Facebook Open Graph: The Definitive Guide For Publishers, Users and Competitors

Written by Alex Iskold

Facebook just shook the tech world by announcing several major initiatives that collectively constitute an aggressive move to weave the social net on top of the existing Web.The rumors were that the leading social network would launch a “Like” button for the entire Web. Instead, Zuckerberg & Co. unveiled a bold and visionary new platform that cannot be ignored.

// The bits of this platform bring together the visions of a social, personalized and semantic Web that have been discussed since del.icio.us pioneered Web 2.0 back in 2004. Facebook’s vision is both minimalistic and encompassing – but its ambition is to kill off its competition and use 500 million users to take over entire Web.

Whether we like it (pun intended) or not, we have to understand what this move means. It impacts users, publishers, competitors and, of course, Facebook itself. In this post, we summarize what Facebook announced and ponder the impact this will have on everyone.

Facebook Open Graph: Publisher Plugins

The Open Graph is a set combination of publisher plugins, semantic markup and a developer API.

“This new API turns Facebook into a read/write storage of user’s tastes.”

Login with Faces & Facepile: The simpler publisher plugins enhance Facebook Connect. They makes it easy and compelling to sign in by leveraging Facebook cookies and showing faces of Facebook friends who are already members of the service.

Like Button and Like Box: These plugins add the liking feature to any content, typically the whole page. Both can be enhanced with semantic markup, described below. But the very basic intent for these is to get users to Like on the site and post a link to Facebook, which is then permanently stored on a user’s profile and points back to the original site.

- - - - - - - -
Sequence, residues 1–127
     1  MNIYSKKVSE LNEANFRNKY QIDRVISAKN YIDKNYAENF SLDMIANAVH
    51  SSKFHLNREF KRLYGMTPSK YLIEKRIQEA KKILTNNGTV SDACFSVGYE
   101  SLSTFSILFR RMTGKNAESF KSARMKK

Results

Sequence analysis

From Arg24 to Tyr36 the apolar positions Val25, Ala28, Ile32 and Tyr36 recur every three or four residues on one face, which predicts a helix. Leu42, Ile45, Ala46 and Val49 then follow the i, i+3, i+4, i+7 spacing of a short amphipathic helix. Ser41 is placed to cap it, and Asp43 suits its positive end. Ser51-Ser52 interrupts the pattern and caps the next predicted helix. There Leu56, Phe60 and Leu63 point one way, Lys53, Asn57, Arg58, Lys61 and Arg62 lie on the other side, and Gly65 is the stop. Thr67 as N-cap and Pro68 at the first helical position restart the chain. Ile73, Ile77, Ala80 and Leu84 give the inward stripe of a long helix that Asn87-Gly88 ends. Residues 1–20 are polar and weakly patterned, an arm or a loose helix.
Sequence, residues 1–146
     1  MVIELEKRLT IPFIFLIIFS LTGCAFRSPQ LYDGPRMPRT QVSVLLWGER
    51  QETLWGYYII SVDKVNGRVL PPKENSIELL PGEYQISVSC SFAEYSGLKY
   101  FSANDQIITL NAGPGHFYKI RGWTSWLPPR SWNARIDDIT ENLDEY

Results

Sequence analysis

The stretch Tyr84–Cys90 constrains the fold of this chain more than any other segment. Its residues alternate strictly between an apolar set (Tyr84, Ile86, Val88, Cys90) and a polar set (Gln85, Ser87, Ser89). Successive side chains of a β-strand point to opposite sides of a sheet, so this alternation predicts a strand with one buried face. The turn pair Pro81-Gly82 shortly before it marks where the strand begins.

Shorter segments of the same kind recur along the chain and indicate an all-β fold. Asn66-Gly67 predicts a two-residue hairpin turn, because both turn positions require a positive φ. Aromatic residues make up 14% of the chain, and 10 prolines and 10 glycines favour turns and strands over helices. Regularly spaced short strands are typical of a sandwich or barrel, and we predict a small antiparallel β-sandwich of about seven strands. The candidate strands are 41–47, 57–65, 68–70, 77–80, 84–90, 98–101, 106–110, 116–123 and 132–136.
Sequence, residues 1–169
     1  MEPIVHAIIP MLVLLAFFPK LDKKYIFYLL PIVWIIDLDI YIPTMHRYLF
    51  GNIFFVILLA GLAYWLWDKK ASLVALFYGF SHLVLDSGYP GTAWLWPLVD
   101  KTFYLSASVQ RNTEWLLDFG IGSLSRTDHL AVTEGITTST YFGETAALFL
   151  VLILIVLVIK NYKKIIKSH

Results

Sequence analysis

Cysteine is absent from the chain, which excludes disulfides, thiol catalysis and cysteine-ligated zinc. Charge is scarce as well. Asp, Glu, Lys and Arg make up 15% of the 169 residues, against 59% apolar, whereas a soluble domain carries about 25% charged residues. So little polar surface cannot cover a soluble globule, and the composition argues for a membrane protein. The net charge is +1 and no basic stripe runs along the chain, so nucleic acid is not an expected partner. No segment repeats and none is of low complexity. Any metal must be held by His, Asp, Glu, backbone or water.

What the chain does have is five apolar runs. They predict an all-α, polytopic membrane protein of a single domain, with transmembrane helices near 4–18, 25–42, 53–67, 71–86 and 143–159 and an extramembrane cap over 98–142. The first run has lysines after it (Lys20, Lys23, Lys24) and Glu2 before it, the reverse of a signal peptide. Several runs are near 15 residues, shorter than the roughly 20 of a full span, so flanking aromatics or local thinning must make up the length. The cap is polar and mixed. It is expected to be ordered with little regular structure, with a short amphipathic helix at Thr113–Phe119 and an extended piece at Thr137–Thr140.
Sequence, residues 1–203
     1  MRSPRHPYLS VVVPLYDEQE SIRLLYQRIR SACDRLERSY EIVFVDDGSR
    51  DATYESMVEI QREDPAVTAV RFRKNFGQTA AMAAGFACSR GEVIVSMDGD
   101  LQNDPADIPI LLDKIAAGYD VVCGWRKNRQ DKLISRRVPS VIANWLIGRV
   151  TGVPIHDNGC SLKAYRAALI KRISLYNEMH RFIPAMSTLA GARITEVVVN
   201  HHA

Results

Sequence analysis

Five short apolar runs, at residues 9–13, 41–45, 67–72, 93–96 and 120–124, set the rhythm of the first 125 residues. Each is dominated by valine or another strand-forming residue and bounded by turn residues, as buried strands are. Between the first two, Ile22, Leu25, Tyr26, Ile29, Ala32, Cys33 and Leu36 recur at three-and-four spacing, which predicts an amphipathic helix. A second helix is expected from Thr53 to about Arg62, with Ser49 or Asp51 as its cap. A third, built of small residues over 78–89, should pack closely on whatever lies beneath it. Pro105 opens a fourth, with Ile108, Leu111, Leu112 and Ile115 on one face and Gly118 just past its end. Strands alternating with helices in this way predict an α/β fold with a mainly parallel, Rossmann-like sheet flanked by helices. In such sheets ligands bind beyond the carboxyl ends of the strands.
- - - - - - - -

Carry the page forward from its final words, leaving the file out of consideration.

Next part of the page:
Activity Feed and Live Stream: These plugins show static and dynamic activity on the site. Activity Feed lists recent likes and comments from the site, while Live Stream shows a real-time view of activity on the site and is intended for interactive events.

Recommendations: This plugin surfaces personalized recommendations for the user based on what friends and everyone else is liking on the site. It is intended to drive the users to other pages on the site.

Facebook Open Graph: Semantic Markup

Facebook announced simple, RDF-based markup to make the plugins smarter. In a nutshell, the markup enables publishers to say what object is on the page – a movie, a book, a recording artist, an event, a sports team, etc. This automatically enables semantics, that is, an understanding that the user is not just interacting with a webpage, but that he or she is liking a specific kind of thing. Semantics then leads to bucketing of the objects into categories like books, movies, music, etc., and gives rise to all sort of applications, including personalized recommendations.

Perhaps even more importantly, the markup helps Facebook connect the users across common interests across different websites. For example, if both Pandora and Last.fm annotate a page about The Beatles using Facebook’s markup, then users will be able to see their friends, who like the Beatles across different sites. This is very significant, because the data around friends is sparse and scattered around the sites. Previously, Facebook would surface this data in the stream without persisting it. Now, the information about a friend’s likes of movies, music, books, recording artists, events, sports team, etc. will be permanent on Facebook profiles and readily available in context around the Web. Seguir leyendo “Facebook Open Graph: The Definitive Guide For Publishers, Users and Competitors”